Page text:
Each of the settlers in America is different in many fashions. For starters, they each sports unique units. The Indians, for example, offer a medicine man. The medicine man can bring rain to the fields and make them bear fruit, as well call upon storms in the heat of battle. The Americans feature a Sheriff unit with increased visibility, while the Mexican padre always manages to recruit enemy fighters for the Mexican cause. Each of the nations also affords various defensive and offensive strategies, such as the Indians' ability to swim and traverse through dense forests. The Indians also have the skill to pack up their tepees and travois and set them up elsewhere. Each advantage brings a disadvantage with it however, as the desperados don't have munitions factories at their disposal, which means they have to steal all their weapons from other settlers, while Americans have to pay a pretty penny for their modern weapons. These extra elements really add another dimension to America that other real-time strategy genres have failed to do.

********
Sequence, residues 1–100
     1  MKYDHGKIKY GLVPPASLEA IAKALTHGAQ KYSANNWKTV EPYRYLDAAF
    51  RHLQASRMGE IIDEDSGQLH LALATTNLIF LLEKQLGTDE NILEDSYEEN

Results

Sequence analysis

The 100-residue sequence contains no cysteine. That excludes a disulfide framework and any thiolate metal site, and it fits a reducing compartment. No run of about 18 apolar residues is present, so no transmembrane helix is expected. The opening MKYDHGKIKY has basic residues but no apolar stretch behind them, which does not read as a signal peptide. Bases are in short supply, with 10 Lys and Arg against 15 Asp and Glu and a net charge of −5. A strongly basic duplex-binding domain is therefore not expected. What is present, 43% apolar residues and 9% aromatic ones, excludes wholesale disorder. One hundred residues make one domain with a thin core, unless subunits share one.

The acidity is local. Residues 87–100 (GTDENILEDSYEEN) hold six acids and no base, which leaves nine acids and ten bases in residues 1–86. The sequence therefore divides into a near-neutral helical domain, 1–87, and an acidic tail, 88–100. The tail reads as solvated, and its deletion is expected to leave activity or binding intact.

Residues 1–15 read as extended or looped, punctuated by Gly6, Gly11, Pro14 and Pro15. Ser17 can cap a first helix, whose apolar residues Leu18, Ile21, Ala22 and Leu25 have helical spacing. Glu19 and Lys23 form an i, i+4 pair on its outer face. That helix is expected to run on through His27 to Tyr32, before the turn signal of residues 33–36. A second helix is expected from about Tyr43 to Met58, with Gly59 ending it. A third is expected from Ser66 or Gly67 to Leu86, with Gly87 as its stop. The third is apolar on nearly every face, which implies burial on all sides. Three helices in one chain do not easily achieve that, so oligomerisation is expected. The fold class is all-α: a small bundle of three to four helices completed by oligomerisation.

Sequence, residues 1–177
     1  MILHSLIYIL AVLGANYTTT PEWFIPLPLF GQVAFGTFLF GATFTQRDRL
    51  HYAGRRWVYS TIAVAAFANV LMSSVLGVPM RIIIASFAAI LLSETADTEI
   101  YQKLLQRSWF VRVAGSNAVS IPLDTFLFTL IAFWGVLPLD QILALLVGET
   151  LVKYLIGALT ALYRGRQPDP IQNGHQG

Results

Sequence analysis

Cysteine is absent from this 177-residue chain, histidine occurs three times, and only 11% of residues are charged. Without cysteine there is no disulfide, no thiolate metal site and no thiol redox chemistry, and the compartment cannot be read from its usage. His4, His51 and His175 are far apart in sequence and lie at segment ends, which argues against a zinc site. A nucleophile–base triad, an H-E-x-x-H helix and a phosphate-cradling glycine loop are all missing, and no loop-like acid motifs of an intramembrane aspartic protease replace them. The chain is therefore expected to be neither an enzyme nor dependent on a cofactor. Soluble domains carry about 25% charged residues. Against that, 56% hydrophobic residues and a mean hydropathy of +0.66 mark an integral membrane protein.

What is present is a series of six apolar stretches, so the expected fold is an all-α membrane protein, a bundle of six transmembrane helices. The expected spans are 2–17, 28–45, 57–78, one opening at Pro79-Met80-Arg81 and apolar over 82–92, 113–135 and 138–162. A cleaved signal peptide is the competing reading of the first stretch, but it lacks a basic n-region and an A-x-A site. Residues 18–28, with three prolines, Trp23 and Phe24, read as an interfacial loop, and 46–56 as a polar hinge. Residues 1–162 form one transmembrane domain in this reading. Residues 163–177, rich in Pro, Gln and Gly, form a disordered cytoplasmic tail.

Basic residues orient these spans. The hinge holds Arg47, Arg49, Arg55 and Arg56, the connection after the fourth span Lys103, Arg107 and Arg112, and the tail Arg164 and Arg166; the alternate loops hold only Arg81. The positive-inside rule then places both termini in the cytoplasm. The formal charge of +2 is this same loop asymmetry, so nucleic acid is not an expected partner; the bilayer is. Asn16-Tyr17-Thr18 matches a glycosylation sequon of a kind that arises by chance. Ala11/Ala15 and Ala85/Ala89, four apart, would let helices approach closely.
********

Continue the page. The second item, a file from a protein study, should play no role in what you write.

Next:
Graphically, America certainly isn't top of the line. The level of detail isn't particularly high, but the structures and units are all large and easily distinguishable. As for the sound effects, I've noticed a few people comment about the level of racism in the game. Perhaps I'm not as sensitive as those people, but I didn't mind the use of accents or stereotypes in the game. The audio department as a whole is disappointing though. The sound effects are lacking and the music wasn't very lively either. The presentation could have been much better in general.